June 24, 2018] A common theme we find among great leaders in my Reading List is that they are quick to discover hard lessons of others and learn from them. Personally, I’m always on the lookout for those lessons in the books I read and was pleasantly surprised to find a book by Pulitzer Prize winner Edward J. Larson that did just that. And it doesn’t matter how old the lessons are because humans don’t change that much; we have similar wants and desires, as well as motivators, strengths, and weaknesses. As always, my intent at www.theleadermaker.com is to get us to “think” and to use “reasoning” to solve the problems of leaders around the globe. This book can help reinforce those lessons we know about and provide us with new ones.
The Return of George Washington, Edward J. Larson, 2014.
It should never be lost on any of us that great leaders live by the standard of influencing others; regardless of our position in any organization or society. This book by Larson focuses on the years between George Washington’s generalship during the U.S. Revolutionary War and when he was President of the United States. These years 1783-1789 are frequently overlooked in the biographies about GW and glossed over in the history of that time. We are told, more important things are happening that we should pay closer attention to. But those years are full of lessons that provide us with insight into the mind of one of the greatest leaders in human history.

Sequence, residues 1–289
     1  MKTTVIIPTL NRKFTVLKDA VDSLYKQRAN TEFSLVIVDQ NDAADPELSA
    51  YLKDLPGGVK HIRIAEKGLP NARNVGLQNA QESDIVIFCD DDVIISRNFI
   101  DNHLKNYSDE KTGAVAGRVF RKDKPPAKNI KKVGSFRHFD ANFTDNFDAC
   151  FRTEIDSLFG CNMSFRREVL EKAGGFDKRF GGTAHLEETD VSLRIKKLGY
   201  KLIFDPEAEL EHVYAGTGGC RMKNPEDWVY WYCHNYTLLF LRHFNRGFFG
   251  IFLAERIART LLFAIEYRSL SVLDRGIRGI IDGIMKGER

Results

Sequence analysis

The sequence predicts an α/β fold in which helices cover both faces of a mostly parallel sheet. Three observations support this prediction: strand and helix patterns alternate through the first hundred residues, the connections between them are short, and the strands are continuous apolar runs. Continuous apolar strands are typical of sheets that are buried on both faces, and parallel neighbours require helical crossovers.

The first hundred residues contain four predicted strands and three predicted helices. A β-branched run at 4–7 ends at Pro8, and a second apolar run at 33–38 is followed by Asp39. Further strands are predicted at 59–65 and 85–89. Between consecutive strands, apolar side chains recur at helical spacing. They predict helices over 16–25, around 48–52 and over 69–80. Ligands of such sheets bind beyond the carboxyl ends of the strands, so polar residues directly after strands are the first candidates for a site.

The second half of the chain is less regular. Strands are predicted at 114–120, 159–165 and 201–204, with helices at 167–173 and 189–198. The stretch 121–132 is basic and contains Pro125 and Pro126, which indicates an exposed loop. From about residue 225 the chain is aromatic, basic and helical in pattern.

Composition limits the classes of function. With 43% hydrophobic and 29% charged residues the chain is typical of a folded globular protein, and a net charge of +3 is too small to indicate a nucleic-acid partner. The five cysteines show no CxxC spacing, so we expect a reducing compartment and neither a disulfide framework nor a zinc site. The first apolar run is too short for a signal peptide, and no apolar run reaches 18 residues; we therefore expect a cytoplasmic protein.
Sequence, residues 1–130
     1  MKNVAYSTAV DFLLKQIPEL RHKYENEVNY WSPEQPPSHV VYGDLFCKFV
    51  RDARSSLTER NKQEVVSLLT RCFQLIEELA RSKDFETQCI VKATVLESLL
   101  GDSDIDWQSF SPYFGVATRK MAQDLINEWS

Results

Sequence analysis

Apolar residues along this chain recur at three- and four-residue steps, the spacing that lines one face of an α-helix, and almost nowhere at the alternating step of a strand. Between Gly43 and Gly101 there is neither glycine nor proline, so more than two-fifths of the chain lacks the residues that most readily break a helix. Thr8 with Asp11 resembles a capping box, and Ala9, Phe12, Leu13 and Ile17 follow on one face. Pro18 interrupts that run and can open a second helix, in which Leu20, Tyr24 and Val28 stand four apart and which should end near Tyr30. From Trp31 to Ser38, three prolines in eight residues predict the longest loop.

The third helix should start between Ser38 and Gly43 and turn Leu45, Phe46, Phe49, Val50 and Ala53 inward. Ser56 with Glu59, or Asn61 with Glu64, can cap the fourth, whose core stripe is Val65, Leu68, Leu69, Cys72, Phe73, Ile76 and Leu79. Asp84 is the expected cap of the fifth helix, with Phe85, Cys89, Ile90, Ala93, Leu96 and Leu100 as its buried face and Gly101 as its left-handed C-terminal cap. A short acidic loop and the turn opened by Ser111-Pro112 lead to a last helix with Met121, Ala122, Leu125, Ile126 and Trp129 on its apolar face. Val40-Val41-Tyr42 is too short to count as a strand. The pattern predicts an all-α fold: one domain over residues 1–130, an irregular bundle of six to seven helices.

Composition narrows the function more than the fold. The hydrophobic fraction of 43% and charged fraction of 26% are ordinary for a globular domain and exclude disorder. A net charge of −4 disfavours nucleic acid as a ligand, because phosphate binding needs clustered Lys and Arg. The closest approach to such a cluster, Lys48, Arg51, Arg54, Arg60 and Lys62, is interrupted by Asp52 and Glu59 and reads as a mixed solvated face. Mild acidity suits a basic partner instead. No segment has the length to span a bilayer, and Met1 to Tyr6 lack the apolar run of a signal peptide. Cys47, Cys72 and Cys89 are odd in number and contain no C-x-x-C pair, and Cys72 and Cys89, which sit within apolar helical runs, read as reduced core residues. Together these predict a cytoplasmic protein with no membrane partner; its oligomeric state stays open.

During these years we see GW as an insightful businessman – also demanding, testy, and shrewd – and a visionary who wants to turn a disintegrating infant United States into a truly united country. He wanted a stronger central government to replace the unruly confederation of states which was slowly devolving into an unworkable mess. GW worked behind the scenes to encourage help to ensure the Constitutional Convention of 1787 solved the many problems the new nation was experiencing. This is a story about the return of GW. In truth, however, he was never really gone from public life but this book is full of those efforts to overcome the vast obstacles that governance is fraught within any nation. Along the way, we are given a better idea of his vision as in his view of western expansion and economic growth, why the Electoral College came about, why the Bill of Rights was tacked on, and the intense infighting of the many leaders of the day against a stronger federal government. It is hard to imagine, as one person put it, “without the popular, decent, and wise George Washington during those years.”
If you have a membership in Amazon Prime, you can download this book electronically for free. Highly recommended.
To go to the full Professional Reading list, simply click on this direct link: www.theleadermaker.com/reading-list/
Side Note: Please remember and take a look at Tom Copeland’s reading blog. His website, which I highly recommend, can be found here: https://militaryreadinglists.com/map